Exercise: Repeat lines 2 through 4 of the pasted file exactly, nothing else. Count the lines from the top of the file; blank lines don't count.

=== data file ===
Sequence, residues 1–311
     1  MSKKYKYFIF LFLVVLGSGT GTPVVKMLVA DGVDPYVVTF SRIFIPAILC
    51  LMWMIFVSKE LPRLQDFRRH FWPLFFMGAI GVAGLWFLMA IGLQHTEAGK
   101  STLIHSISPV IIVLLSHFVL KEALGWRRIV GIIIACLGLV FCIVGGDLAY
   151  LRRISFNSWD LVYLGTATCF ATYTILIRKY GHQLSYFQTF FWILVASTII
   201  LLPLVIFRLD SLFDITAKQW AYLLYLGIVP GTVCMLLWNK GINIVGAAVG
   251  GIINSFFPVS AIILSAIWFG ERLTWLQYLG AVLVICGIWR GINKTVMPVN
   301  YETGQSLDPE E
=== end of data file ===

     1  MSKKYKYFIF LFLVVLGSGT GTPVVKMLVA DGVDPYVVTF SRIFIPAILC
    51  LMWMIFVSKE LPRLQDFRRH FWPLFFMGAI GVAGLWFLMA IGLQHTEAGK
   101  STLIHSISPV IIVLLSHFVL KEALGWRRIV GIIIACLGLV FCIVGGDLAY